Back in the UK, Bernie Ecclestone has fanned the flames of controversy. Last year he raised Formula One's profile over here with some off-the-cuff remarks to the effect that the local hero Jacques Villeneuve was a busted flush. A week later he dismissed the Indianapolis 500 heroine Danica Patrick - mobbed wherever she went when Formula One went to the famed Speedway for last year's June fiasco - with the comment that he prefers his domestic appliances in white. The man knows how to create headlines, and now he has been at it again with some warning shots across the bows of the Indianapolis Motor Speedway owner, Tony George.
"It does not matter to F1 if there is no Grand Prix in the US," Ecclestone said. "What do we get from America? Aggravation, that's about all. If you say 'Good Morning' over there and it's five past 12, you end up with a lawsuit. We have never got any sponsors out there. The television has never taken off; we have more viewers in Malta than over there. If they want to continue having a round of the F1 World Championship, I am happy to talk to them. But I am not prepared to subsidise a race in America." You guessed it: it is negotiation time as Indianapolis's contract for the Grand Prix expires after next week's race.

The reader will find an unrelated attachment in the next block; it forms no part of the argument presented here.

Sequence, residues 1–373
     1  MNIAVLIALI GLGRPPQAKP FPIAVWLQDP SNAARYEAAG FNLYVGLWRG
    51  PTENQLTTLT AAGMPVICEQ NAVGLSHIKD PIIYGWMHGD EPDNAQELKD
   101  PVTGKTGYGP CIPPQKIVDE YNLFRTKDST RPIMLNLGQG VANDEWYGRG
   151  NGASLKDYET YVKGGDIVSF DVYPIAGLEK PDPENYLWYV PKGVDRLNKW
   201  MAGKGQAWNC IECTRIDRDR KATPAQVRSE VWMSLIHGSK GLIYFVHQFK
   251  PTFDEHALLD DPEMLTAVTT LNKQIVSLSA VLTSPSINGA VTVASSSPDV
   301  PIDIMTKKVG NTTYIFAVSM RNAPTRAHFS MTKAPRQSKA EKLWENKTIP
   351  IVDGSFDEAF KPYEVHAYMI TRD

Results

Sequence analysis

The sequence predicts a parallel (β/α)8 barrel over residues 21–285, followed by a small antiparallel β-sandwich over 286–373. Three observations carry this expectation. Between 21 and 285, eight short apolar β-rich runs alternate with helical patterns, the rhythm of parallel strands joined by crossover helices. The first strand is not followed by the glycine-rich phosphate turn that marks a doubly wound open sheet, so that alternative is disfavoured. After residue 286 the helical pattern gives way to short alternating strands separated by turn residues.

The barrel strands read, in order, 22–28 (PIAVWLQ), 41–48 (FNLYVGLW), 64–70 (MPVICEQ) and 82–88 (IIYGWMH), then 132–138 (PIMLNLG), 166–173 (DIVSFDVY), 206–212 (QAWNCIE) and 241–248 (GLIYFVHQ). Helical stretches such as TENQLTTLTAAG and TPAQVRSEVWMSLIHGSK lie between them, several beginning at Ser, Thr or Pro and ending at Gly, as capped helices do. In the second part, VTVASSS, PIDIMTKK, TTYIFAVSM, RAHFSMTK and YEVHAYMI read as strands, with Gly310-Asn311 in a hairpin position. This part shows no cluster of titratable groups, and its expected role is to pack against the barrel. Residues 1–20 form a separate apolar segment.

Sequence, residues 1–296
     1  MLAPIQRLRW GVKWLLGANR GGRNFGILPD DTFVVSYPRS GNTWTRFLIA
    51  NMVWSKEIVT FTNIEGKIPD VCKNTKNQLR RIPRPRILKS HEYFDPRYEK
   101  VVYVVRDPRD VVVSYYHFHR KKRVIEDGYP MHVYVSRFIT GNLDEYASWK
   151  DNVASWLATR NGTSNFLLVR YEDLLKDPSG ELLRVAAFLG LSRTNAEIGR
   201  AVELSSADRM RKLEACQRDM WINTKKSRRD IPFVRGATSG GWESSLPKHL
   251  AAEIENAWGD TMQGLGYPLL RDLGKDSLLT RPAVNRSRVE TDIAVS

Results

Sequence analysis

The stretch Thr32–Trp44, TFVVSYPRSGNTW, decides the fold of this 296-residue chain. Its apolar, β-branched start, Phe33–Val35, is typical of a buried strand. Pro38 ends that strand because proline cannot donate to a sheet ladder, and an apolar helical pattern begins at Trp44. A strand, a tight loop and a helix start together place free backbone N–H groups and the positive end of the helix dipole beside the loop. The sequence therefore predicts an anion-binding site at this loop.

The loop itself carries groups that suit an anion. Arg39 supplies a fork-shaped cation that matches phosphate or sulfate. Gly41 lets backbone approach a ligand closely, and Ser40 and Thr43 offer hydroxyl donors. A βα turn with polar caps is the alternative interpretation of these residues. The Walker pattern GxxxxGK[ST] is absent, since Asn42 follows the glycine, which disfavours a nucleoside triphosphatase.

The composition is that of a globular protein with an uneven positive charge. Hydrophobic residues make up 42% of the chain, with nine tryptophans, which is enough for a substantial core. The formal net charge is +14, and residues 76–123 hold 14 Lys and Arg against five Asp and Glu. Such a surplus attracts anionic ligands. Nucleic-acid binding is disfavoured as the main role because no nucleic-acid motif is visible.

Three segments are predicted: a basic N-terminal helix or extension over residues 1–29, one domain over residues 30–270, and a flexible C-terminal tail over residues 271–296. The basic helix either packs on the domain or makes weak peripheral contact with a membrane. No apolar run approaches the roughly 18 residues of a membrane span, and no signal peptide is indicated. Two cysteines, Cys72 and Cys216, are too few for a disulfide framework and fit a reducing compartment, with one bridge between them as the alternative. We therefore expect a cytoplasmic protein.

There are some who suggest after last year's mess in which only six cars started following Michelin's tyre problems which obliged all their runners to withdraw, that it is America that does not need F1. Neither polarised position is correct. F1 and America need each other, and both sides know it. Major US corporations are involved in the sport and America is still the world's largest consumer market. CVC, the owner of Formula One, knows that all too well, and so does Ecclestone.
Likewise, the city of Indianapolis has an annual bonanza with its 500-mile classic in May, and another when the grand prix hits town. The Americans are crazy about Nascar (their competition on oval race tracks), but when they hit town all the Indianapolis restaurants have done their business by 9pm. The Europeans, however, party until the small hours and profits soar.
While the teams have been able to muster little of interest to the media over here - bar Geoff Willis's sudden demise as technical director at Honda or Villeneuve launching his career as a pop star - Bernie knows what gets attention.Reuse content